His Steveness: the flip side

When I was a kid I was brought up to believe that one should never speak ill of the dead, at least in the immediate aftermath of their demise. I made an exception for Charlie Haughey, but then so did many others. In the last two days we’ve seen an avalanche of affectionate, admiring stuff about Steve Jobs, and most of it has — understandably — tended to gloss over the fact that no omelette was ever made without breaking eggs, and no great corporate height has ever been scaled without cracking some heads.

So it’s been interesting to see two more detached assessments of Jobs emerge. The first, by John Cassidy in the New Yorker, takes issue with the idea that jobs was an ‘artist’. If he was, he writes,

he was a great artist only in the sense that Bob Dylan and Andy Warhol are great artists: talented jackdaws who took other people’s half-baked innovations and converted them into beautifully made products with mass appeal. Apple didn’t build the first desktop computer based on a microprocessor: the Micral N and the MITS Altair predated the landmark Apple II. Steve Jobs didn’t create the mouse, either: he lifted it from a version he saw at the Xerox Parc research center in Palo Alto. George Lucas, and not Jobs, created Pixar. The Nomad Jukebox, a digital music player made by a company from Singapore, predated the iPod.

Jobs’s real genius was seeing, before practically anybody else, that the computer industry was melding with the consumer-goods industry, and that success would go to products that were useful and well designed, but also nice to look at and cleverly branded. He took genuine innovations and improved upon them. The Apple Macintosh, released in 1984, was the first PC that didn’t look like it belonged in the basement of the campus science center surrounded by math books and used pizza boxes. The iBook used bright colors to make laptops look cool. The iPod, unlike the Nomad, was sleek and light enough to carry around in your pocket. In a 1996 PBS documentary called “Triumph of the Nerds,” Jobs himself said, “We have always been shameless about stealing great ideas.”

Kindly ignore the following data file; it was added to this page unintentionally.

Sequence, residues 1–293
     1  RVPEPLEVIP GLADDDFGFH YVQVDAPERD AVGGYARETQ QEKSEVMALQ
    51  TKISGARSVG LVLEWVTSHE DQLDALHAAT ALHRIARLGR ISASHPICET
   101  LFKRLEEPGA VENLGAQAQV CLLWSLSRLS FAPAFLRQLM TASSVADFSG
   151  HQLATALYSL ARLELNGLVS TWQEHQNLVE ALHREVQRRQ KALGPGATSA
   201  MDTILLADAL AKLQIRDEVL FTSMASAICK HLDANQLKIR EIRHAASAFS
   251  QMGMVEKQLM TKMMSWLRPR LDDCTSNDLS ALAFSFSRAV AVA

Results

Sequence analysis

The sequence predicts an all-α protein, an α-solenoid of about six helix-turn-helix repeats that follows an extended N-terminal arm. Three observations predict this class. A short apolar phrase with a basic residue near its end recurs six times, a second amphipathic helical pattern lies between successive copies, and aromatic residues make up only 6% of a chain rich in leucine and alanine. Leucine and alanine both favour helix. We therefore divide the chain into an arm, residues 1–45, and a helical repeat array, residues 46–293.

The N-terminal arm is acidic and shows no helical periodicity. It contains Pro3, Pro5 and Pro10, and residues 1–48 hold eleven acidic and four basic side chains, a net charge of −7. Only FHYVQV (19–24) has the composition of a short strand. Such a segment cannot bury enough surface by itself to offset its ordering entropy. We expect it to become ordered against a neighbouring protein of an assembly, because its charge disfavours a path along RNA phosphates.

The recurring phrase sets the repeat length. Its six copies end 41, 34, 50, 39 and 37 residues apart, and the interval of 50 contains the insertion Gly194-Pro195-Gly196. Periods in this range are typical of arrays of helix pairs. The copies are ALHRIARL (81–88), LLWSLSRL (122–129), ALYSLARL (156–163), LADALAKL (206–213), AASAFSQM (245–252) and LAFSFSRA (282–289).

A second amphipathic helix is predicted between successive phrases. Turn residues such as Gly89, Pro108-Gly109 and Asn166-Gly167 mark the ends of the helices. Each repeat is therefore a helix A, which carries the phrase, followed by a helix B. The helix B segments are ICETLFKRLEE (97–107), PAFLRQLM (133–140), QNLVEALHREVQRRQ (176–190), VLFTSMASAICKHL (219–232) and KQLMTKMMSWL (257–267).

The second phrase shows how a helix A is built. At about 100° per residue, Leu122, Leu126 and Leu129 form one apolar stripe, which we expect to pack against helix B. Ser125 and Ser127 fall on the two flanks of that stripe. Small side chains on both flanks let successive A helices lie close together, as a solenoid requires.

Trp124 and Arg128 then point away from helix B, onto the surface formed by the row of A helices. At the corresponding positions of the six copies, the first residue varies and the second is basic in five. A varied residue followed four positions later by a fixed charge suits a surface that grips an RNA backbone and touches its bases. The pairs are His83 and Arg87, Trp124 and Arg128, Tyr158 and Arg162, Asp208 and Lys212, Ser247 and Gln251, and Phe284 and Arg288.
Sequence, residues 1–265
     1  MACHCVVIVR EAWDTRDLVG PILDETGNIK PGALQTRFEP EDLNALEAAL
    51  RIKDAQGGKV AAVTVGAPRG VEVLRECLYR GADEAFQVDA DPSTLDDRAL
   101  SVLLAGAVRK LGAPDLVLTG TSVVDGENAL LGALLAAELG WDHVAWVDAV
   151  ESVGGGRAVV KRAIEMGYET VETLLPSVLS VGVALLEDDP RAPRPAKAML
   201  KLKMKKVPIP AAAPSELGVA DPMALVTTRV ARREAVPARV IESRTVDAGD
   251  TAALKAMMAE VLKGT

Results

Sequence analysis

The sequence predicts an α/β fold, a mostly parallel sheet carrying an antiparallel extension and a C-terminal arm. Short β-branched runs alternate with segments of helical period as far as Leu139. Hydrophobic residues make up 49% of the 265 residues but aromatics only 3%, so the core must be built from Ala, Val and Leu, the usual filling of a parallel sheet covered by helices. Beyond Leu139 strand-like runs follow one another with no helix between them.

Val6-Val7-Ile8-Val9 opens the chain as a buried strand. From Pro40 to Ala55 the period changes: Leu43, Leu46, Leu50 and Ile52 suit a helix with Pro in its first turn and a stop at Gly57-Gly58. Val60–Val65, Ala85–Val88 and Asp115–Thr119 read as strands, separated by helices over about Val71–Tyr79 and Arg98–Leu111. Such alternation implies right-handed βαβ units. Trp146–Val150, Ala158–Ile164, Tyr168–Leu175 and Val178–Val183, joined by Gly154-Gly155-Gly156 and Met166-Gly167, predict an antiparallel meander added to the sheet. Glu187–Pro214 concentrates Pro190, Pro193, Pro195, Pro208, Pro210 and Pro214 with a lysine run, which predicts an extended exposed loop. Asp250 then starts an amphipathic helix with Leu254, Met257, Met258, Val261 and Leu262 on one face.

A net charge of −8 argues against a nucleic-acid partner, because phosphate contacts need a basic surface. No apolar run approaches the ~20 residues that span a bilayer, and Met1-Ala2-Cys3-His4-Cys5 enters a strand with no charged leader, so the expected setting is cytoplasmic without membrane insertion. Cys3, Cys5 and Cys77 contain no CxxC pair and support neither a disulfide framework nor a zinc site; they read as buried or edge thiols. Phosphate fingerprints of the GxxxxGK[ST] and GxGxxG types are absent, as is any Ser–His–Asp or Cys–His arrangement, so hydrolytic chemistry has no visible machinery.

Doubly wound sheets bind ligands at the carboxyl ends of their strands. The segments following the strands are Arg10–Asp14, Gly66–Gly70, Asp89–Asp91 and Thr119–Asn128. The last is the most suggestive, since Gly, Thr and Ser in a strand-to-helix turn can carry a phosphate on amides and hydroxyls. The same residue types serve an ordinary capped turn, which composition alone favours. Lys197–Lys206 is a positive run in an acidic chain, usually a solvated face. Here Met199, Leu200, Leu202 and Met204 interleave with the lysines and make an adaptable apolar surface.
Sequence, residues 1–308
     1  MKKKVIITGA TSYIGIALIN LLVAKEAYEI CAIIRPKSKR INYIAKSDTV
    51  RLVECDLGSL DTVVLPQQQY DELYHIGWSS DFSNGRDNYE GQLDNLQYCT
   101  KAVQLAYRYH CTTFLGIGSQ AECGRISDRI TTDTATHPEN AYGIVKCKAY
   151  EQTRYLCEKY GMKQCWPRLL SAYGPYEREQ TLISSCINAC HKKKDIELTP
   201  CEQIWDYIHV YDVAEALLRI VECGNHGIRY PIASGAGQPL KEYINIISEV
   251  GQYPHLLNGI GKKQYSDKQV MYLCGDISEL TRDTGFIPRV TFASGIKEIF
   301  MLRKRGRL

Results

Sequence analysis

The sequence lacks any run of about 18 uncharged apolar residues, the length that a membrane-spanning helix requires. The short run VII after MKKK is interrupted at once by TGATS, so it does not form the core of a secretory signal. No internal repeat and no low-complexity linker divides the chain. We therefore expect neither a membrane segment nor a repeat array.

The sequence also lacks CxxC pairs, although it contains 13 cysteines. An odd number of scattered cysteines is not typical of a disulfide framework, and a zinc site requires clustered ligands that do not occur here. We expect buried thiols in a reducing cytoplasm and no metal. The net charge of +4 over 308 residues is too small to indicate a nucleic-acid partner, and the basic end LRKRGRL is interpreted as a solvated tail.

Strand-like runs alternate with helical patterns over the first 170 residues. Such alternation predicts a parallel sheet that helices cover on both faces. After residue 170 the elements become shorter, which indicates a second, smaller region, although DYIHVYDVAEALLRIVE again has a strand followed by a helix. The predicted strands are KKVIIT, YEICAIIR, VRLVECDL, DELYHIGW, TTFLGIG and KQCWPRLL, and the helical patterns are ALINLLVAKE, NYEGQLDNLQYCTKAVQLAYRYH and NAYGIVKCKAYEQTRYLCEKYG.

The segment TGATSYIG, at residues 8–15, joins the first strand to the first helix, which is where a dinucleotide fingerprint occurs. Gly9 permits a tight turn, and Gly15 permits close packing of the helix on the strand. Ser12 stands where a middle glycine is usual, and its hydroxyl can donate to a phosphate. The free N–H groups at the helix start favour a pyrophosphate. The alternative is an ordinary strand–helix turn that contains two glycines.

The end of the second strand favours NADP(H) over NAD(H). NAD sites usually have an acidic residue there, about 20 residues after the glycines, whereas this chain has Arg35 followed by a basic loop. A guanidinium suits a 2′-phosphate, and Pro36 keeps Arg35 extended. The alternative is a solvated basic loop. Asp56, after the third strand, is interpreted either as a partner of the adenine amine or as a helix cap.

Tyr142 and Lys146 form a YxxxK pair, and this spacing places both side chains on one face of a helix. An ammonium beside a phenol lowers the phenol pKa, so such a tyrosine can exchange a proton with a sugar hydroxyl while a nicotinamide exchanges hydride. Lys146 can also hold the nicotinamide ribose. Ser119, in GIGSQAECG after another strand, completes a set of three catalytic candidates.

Unlike Thomas Edison, to whom he has been compared, Jobs wasn’t really an inventor. In fact, by the standards of Silicon Valley, he wasn’t really a techie at all all.

Cassidy thinks that jobs is best categorised as a “hippie capitalist”.

Gawker, as you might expect, has few scruples about raining on the Jobs parade. In a post with a giveaway title — “what-everyone-is-too-polite-to-say-about-steve-jobs” — it lays into Jobs for censorship and authoritarianism, having products manufactured in Chinese sweatshops, and having a tyrannical managerial style.

I guess there will be more in this vein over the next few months.